I've used most of them from Loctit and Permatex. There are many kinds of Loctite. They have a self life. Some need primers. They take different method to break them loose. Heat is one.
Locking is not just for the threads. Using cylindrical binding compound (609) in the taper will build up any voids once cured. It's a plastic and will take about 24 hours to set up. It cures without oxygen, anaerobic. I would use this on the taper if you have one, and a removable on the screw. They must be cleaned. You can get a small sampler of 243.
Loctite 243 Loctite® 243™ Primerless, Oil Tolerant Removable Medium Strength Blue Threadlocker is designed for the locking and sealing of threaded fasteners between 1/4" and 3/4" (6 to 20 mm). It not only works on active metals (e.g. brass, copper) but also on passive substrates such as stainless steel and plated surfaces. It tolerates minor surface contamination from various oils, such as cutting, lubrication, anti-corrosion and protection fluids.
Loctite 271 Mil Spec Low Viscosity High Strength, Red Threadlocker on Threads. You will need heat to remove it and only need a drop. This is the heavy duty stuff. It could be used on the taper.
Loctite 609 Retaining compound is used when press or slip fitting cylindrical components that are not threaded. It fills the gaps between parts, creating a rock solid connection. 609 formula is an all purpose, quick curing compound that is perfect for general press fit applications for gaps up to .005" that will not be exposed to excessive heat. 620 is a high heat slip fit formula that will withstand temperatures of up to 450 F and fill gaps up to .015" while sealing the metal and preventing corrosion. 638 is a super heavy duty compound for use in high stress applications, for slip fit applications of up to .010". You can get a really small tube for about $4.
A friend told me that as far as the Lock Tite went, they have one that is not as hard to break loose as the one I have, that you could break its grip if needed without the heat. May put that on there just to be sure......
I have been trying to respond to this for days and it would not come up, maybe this time it will come through....
I think maybe the problem maybe I spray everyting down before a ride with WD 40, well I have been cutting back on that and the areas I oil. Today a 10 mile bike ride with no problems with it, "stayed snug as a bug in a rug". I have the Locke Tite for threads but have not used it yet, waiting on to see what happens.
Bike shops are about a 100 miles away or more and I do not travel to big towns very often, just had rather stay in my country life. I guess it has been 2 years or better since I have been to a big town. I do have access to a bike grave yard though and it has some good bike parts in it. Thnak you for your help, I really appreciate it....
Assuming you have the type of crank arms that attach to a tapered spindle it sounds like your left crankarm is ruined. You see what keeps the crankarm on the spindle is friction between them from a tight press fit. Either it was over-tightened pushing the crank arm up the spindle until it bottomed out or it became wallowed out from riding it loose. In either case it is pretty much shot. Your local bike shop might have a left crankarm that would allow you to inexpensively fix your bike. Replacing your entire crank and bottom bracket would probably cost more than your bike is worth. Consider investing in a torque wrench to avoid this in the future. Over- or under- tightening your crank will lead to failure.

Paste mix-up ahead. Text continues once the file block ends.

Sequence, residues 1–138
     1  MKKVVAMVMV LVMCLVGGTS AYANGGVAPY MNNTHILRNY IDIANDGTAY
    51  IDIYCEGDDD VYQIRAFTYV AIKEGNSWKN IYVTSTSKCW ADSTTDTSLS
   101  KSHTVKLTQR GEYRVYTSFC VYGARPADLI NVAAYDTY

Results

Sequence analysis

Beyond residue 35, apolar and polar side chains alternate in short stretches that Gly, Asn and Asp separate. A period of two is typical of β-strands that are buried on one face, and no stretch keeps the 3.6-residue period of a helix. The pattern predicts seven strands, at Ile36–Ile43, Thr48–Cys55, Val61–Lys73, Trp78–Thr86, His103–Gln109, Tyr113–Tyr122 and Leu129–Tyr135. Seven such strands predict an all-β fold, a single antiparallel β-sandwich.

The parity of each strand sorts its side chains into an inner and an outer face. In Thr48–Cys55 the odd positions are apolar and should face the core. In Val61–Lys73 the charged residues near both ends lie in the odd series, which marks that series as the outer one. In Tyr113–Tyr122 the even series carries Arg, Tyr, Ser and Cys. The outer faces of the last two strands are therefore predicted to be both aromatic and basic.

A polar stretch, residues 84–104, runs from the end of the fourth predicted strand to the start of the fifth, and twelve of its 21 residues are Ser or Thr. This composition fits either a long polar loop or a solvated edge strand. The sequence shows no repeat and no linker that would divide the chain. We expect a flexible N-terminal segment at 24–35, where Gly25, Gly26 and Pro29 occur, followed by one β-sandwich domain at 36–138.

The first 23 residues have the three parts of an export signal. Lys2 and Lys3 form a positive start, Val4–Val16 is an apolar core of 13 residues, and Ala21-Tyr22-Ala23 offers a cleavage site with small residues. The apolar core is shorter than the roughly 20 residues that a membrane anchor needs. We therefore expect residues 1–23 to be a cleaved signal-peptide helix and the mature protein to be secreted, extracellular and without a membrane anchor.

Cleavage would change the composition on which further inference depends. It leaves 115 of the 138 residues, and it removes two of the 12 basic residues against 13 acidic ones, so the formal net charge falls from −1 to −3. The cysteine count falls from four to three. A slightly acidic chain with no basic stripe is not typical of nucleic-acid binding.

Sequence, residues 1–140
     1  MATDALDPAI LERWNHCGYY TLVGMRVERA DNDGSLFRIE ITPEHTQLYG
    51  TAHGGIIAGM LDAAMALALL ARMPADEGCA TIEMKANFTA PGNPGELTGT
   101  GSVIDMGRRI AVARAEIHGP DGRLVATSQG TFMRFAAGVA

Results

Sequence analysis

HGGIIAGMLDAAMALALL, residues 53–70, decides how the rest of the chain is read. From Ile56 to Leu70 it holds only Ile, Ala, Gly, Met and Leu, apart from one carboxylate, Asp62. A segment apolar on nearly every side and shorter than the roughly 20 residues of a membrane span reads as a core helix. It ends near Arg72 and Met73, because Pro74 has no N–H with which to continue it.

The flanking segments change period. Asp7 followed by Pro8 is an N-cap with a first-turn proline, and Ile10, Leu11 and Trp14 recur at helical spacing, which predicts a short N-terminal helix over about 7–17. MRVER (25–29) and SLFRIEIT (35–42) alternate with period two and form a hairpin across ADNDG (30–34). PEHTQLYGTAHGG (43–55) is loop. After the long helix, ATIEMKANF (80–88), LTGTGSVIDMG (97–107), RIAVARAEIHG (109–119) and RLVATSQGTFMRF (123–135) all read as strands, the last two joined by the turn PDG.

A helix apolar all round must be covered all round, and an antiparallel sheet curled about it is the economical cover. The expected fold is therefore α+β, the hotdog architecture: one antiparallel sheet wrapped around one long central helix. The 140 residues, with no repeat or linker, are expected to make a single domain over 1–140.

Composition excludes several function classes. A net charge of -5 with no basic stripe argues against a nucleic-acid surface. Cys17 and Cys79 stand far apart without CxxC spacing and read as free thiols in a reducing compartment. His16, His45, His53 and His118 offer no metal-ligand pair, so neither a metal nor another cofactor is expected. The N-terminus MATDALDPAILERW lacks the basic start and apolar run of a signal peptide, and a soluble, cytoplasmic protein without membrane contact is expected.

Something must be worn or another issue causing it to back out. Before you use locktite you need to look at all the parts. There are many types of Locktite and Permatex. You need to use the right one or it will cause issues. Parts need to be cleaned and maybe primed with a special primer. If you have voids that can be built up with cylindrical binding compound (#609). Then a locktite on the threads or vibra-tite.
If I'm picturing what you're referring to accurately, you should be able to simply use some Lock-Tite on the threads and that will take care of the problem. If you want to hedge your bets, use a combination of lock washer and flat washer on both sides and only torque it down with as much force as it designated in the technical manual.
If that does not work for you, consider taking it to your LBS (Local Bike Shop) and explain the problem to them. Heck, for that matter, I'd just go ahead and do that. As far as I'd be concerned, the $25 or so I'd pay, would be well worth the peace of mind that it wouldn't happen to me again in the middle of a ride, forcing me to walk home once more.
I have the nut that holds the pedal arm on the spindle (on the left side only) that will work its way off during a ride, it is not as bad since I put a lock washer under the nut. I went for a couple of weeks after this and no problem but now I can ride about a couple of miles and it works loose. I learned to carry tools with me to tighten it back up. The first time it came loose the whole pedal arm come off while I was in a ride, lost nut and washer, had to walk bike home. Anyone have any suggestions, my buddy told me to get some spray that would lock the nut on,he said it would make it really hard to break loose, but am afraid of what if I need to work on it and it would not come loose or it stripped the threads trying to get it loose.
I have a Jeep bike and have had it for about 5 years, and it has a lot of miles on but I do not want another one, I really like this one.
SparkPeople, SparkCoach, SparkPages, SparkPoints, SparkDiet, SparkAmerica, SparkRecipes, DailySpark, and other marks are trademarks of SparkPeople, Inc. All Rights Reserved. No portion of this website can be used without the permission of SparkPeople or its authorized affiliates.
SPARKPEOPLE is a registered trademark of SparkPeople, Inc. in the United States, European Union, Canada, and Australia. All rights reserved.